While the updated draft isn’t scheduled to be released until the week of February 18th, it is expected to include an expanded menu of incentives to encourage developers to include affordable housing, make infrastructure investments, or participate in the City’s Minority, Women and Small Business Enterprises (MWSBE) program. The current draft only offers developers an opportunity to increase their building height, which REBIC cautioned could be of limited value to developers. In a letter to City staff last month, we encouraged the inclusion of incentives that would provide variances on building length, building articulation, or required open space.

Other elements of the TOD ordinance that raised concerns include:

  • Open space, garage placement, and perimeter buffer requirements for Townhomes.
  • The inability to request a building height variance in the optional TOD-EX distruct.
  • Active-use requirements on parking decks
  • A problematic requirement that finished floor elevations on interior spaces must meet grade along many building exteriors

While planning staff reworks the ordinance, the City’s Economic Development office, now overseen former Lincoln-Harris executive Tracy Dodson, is working on an economic impact analysis intended to ‘validate components of the bonus structure and specific design standards.’ The analysis will look at two prototype projects, including a high rise office building and a surface parked mid-rise apartment building.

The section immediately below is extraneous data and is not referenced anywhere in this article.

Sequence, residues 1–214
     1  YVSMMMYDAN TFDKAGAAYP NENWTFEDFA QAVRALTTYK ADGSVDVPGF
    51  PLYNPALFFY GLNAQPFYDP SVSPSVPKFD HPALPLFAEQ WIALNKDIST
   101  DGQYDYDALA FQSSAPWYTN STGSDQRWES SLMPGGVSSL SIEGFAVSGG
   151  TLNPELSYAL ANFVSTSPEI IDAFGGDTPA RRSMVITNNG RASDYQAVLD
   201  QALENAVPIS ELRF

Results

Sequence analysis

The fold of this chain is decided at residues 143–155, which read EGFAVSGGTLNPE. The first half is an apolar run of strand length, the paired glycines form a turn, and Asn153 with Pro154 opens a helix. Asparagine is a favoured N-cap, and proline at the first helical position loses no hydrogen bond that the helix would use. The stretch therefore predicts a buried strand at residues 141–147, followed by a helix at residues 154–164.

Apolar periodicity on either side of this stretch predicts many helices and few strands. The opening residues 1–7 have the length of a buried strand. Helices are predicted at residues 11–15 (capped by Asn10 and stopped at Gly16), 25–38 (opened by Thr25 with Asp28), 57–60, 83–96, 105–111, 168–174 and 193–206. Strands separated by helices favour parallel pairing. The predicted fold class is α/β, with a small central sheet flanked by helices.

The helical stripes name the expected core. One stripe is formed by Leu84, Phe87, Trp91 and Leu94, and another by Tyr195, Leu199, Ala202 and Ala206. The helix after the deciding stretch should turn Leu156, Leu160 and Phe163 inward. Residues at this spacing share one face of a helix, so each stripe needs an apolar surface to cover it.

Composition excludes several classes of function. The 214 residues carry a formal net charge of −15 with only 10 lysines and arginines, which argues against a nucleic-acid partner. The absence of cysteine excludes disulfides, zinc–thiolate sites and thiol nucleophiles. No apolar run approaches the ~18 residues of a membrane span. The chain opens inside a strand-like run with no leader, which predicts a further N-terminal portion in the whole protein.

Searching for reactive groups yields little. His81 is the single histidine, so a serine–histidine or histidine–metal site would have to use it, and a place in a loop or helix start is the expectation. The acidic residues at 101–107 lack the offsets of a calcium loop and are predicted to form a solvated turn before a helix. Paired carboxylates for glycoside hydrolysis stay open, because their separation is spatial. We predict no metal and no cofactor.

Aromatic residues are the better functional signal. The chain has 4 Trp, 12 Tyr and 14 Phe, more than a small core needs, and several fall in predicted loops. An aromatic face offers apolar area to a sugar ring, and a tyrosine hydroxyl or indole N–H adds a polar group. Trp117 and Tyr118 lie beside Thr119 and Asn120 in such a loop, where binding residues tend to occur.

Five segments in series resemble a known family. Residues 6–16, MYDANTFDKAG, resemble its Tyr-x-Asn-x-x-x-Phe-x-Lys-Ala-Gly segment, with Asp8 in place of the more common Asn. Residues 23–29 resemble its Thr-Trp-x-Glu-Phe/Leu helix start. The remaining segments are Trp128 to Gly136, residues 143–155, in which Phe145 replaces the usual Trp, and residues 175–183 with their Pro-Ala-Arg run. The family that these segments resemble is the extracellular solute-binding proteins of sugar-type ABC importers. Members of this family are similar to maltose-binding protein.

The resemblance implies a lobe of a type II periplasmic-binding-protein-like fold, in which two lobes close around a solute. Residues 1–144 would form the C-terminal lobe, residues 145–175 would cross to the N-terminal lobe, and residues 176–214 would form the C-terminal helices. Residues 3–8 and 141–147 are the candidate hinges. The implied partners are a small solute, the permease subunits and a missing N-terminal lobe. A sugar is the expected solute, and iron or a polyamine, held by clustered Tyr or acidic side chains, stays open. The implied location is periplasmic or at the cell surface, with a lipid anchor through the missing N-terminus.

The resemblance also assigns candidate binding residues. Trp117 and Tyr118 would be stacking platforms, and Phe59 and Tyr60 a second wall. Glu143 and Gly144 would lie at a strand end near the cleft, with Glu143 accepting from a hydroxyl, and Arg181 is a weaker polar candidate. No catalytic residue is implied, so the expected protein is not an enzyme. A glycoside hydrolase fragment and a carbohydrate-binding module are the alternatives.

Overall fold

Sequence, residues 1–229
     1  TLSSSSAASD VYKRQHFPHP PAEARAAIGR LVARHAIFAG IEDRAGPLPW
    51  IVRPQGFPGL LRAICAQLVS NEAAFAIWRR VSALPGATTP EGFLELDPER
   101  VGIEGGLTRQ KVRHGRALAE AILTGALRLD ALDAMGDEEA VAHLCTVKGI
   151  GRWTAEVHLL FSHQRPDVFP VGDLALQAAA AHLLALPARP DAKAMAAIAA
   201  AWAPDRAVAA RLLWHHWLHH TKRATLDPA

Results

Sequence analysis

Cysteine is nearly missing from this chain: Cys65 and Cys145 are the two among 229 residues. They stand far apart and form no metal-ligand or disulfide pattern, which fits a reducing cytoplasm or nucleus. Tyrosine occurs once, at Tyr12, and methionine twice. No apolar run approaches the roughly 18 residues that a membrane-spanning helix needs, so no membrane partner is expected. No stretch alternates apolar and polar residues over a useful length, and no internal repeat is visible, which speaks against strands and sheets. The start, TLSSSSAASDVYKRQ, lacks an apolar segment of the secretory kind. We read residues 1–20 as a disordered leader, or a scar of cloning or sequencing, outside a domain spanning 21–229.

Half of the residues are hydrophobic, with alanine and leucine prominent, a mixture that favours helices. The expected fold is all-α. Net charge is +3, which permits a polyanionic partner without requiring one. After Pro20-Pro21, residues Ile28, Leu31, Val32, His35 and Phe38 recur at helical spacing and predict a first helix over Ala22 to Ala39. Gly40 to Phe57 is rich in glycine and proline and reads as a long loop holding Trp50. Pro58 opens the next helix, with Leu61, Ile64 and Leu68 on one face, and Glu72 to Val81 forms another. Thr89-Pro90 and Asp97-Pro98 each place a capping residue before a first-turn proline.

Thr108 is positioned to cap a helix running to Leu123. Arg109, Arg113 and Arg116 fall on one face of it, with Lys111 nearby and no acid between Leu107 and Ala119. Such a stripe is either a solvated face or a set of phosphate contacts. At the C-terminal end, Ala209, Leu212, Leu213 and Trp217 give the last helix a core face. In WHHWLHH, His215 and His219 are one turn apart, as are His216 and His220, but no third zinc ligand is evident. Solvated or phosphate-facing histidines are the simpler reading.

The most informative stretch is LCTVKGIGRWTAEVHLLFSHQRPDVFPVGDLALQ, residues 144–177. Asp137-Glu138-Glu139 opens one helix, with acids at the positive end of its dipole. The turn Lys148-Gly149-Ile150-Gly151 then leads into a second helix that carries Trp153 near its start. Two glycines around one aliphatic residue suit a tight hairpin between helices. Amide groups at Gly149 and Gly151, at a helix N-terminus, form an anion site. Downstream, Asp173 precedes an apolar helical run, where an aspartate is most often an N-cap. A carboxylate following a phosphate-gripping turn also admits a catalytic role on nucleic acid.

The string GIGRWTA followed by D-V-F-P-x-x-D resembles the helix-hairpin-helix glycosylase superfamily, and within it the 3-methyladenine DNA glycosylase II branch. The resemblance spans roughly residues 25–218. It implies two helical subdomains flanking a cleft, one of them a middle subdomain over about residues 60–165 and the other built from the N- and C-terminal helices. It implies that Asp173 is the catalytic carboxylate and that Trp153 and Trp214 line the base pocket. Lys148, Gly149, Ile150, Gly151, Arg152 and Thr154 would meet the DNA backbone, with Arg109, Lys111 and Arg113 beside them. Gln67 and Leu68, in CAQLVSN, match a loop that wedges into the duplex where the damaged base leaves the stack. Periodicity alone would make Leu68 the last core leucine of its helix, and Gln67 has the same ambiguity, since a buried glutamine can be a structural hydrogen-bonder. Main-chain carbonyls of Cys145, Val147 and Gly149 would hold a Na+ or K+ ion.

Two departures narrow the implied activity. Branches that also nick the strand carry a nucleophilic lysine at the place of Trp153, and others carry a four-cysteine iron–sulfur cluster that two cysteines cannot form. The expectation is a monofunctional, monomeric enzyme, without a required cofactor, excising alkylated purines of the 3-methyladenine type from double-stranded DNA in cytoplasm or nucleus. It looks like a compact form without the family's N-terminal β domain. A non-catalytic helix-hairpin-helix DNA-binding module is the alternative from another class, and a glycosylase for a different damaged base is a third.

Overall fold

REBIC appreciates the willingness of planning staff to consider our concerns with the OD ordinance, and looks forward to reviewing the revised draft upon its release.

Full details on the TOD ordinance, including the draft Text Amendment, are available on the City’s UDO website.

Posted in Industry, Legislative, Local

Learn More about Opportunity Zones

There has been a lot of information distributed about the new Opportunity Zone program and the benefits that it might can have for economic development. NC REALTORS® has launched an Opportunity Zone resource page at ncrealtors.org/opportunity-zones which includes a lot of great information which can help you better understand how the program works. Also on the page is the recording and slides from our January 31 webinar on this topic.

Posted in Industry, Local